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Published in The Providence Journal from Sept. 24 to Sept. 25, 2016
September 22, 2016
In 1997, Shelton received the John F. Kiffney community service award, which the Providence Newspaper Guild presents each year to those "whose caring, courage and humor light the way for those who follow."
"Henry Shelton has kept alive an agenda for social and spiritual justice in an era of indifference, selfishness and cold-heartedness," the Guild stated in 1997. "No Rhode Islander, in the closing decades of the 20th Century, has come more to symbolize the fight for the common woman and man, the dispossessed, the weak, the poor. No one has held more tenaciously to the tenets that used to be the foundation of the American Dream. No one stands more for Rhode Island's optimistic state motto: Hope."
The Guild cited Shelton's attempts to "lower the phone bills of the elderly, to make sure the paper carriers are fairly treated, to keep gas and electricity flowing to the stoves and furnaces of the poor during New England winters, to make sure that kids have clothes on the first day of school."
And while he received the award nearly two decades ago, his focus on income inequality and homelessness remains as timely as ever. "Shelton now thinks the greatest injustice in American society is the gap between the paychecks of the lowest-paid workers and the mountainous salaries, bonus-stock-option-retirement-severance plans of executives, the gulf between the haves and have-nots," the Guild wrote.
In 2006, I watched Shelton roll up to National Grid's local headquarters in a dented Ford Taurus. "Shelton unlocked the trunk of his car and pulled out a pile of placards, which all gave the gas and electricity company various degrees of hell for shutting off power to custumers behind on their bills," I wrote, describing him as "rumpled, resolute and relentless."
Shelton was born in 1930 to an Irish-American working-class family in Central Falls. After graduating from St. Raphael Academy, he went into the priesthood, influenced by two uncles who were priests. "Shelton's activism found an unusual ally in the Most Rev. Russell J. McVinney, bishop of Providence," the Guild wrote. "Outwardly conservative, McVinney liked Shelton's idea for setting up an inner-city apostolate and assigned Shelton to run it out of St. Michael's Church in South Providence."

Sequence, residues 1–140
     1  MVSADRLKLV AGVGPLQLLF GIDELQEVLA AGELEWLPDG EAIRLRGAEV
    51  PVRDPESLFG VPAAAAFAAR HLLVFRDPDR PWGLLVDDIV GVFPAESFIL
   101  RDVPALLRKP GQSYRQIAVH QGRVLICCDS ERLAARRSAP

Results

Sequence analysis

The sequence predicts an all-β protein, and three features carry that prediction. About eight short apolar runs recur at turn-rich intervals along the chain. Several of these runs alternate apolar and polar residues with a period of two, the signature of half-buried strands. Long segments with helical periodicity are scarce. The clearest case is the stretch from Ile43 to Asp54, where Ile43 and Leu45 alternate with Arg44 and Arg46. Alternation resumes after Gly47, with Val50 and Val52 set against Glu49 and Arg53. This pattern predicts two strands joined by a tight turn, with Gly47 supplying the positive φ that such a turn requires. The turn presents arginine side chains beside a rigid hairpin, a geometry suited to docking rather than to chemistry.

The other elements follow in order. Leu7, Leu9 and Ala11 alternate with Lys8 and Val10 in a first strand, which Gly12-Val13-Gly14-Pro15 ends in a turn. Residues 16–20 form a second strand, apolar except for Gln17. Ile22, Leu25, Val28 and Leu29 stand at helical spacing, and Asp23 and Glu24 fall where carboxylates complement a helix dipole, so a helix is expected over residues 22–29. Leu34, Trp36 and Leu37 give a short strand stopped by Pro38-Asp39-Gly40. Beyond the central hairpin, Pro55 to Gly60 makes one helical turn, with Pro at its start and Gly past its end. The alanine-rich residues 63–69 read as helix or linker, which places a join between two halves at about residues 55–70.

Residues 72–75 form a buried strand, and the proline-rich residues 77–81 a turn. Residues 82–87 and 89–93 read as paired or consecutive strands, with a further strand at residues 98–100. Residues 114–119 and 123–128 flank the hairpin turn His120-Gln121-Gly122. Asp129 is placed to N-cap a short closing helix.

In 1972, Shelton left Rhode Island and the Catholic priesthood for Washington, D.C., where he married Carol Reagan, formerly a Sister of Mercy who had worked with Shelton on social-justice activities. They would go on to have five children and six grandchildren.
Shelton returned to Rhode Island a year later and ended up launching groups such as the Coalition for Consumer Justice, the George Wiley Center and its Campaign to Eliminate Childhood Poverty.
Robert McConnell, a Wiley Center board member, said, "Henry's goal in life was to organize and stick up for the less privileged in our society."
Whether fighting for school breakfast or against utility shutoffs, Shelton was trying to "balance the playing field," McConnell said. "He was a fighter. He was a tough guy. Countless people who grew up in Rhode Island benefited from Henry's tireless efforts and don't realize he was a driving force behind those societal changes."
McConnell, who has known Shelton for 25 years through St. Michael the Archangel Church, said, "He really is the living embodiment of the best of the Catholic Church, the real message of the Catholic Church — 'love your neighbor as yourself,' 'Do unto others as you would have them do unto you.'"
Maggi Rogers, a Wiley Center board member, summed up Shelton succinctly: "He loves people and he hates injustice."
She said his retirement party invitations offered various levels of Wiley Center sponsorship, including "Troublemaker," "Co-conspirator" and "Please don't list my name in the program because Henry has picketed my house or place of business."
Rogers said that as a lifelong organizer, Shelton would want the focus to be on what needs to happen next — such as a plan to allow low-income customers to pay a set percentage of their income for utilities.
On Friday, as the morning sun filled his room, Shelton closed his eyes, resting, as his wife pulled out an essay by one of their grandsons.
Benjamin Shelton, an 11-year-old who lives in Virginia, wrote about three things he would do if he could: He would be a pro soccer player. He would travel the world. And, he wrote, "I would end childhood poverty because my grandpa did so much to help children in Rhode Island — and I want to be like him."